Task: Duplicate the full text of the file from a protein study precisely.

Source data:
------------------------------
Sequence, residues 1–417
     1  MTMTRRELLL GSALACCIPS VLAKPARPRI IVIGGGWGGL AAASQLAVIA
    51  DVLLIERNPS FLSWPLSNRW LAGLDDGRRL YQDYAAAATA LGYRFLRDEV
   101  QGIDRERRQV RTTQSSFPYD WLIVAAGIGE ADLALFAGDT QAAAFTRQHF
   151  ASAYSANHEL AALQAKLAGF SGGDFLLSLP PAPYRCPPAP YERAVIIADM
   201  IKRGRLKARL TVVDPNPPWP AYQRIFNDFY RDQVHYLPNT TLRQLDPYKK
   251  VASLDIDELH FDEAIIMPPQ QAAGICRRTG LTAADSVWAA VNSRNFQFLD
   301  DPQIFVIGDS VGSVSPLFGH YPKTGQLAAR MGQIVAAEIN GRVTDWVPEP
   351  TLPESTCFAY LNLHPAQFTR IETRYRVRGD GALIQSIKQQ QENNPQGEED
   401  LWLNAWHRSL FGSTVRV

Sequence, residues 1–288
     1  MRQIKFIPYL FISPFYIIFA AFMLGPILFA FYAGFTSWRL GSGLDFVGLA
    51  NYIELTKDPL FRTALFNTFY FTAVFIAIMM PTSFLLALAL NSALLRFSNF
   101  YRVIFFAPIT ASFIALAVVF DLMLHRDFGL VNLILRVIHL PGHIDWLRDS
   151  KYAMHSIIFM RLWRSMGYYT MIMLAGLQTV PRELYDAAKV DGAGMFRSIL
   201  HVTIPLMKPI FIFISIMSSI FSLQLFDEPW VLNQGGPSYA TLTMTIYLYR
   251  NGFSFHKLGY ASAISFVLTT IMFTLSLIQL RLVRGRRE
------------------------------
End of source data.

Sequence, residues 1–417
     1  MTMTRRELLL GSALACCIPS VLAKPARPRI IVIGGGWGGL AAASQLAVIA
    51  DVLLIERNPS FLSWPLSNRW LAGLDDGRRL YQDYAAAATA LGYRFLRDEV
   101  QGIDRERRQV RTTQSSFPYD WLIVAAGIGE ADLALFAGDT QAAAFTRQHF
   151  ASAYSANHEL AALQAKLAGF SGGDFLLSLP PAPYRCPPAP YERAVIIADM
   201  IKRGRLKARL TVVDPNPPWP AYQRIFNDFY RDQVHYLPNT TLRQLDPYKK
   251  VASLDIDELH FDEAIIMPPQ QAAGICRRTG LTAADSVWAA VNSRNFQFLD
   301  DPQIFVIGDS VGSVSPLFGH YPKTGQLAAR MGQIVAAEIN GRVTDWVPEP
   351  TLPESTCFAY LNLHPAQFTR IETRYRVRGD GALIQSIKQQ QENNPQGEED
   401  LWLNAWHRSL FGSTVRV

Sequence, residues 1–288
     1  MRQIKFIPYL FISPFYIIFA AFMLGPILFA FYAGFTSWRL GSGLDFVGLA
    51  NYIELTKDPL FRTALFNTFY FTAVFIAIMM PTSFLLALAL NSALLRFSNF
   101  YRVIFFAPIT ASFIALAVVF DLMLHRDFGL VNLILRVIHL PGHIDWLRDS
   151  KYAMHSIIFM RLWRSMGYYT MIMLAGLQTV PRELYDAAKV DGAGMFRSIL
   201  HVTIPLMKPI FIFISIMSSI FSLQLFDEPW VLNQGGPSYA TLTMTIYLYR
   251  NGFSFHKLGY ASAISFVLTT IMFTLSLIQL RLVRGRRE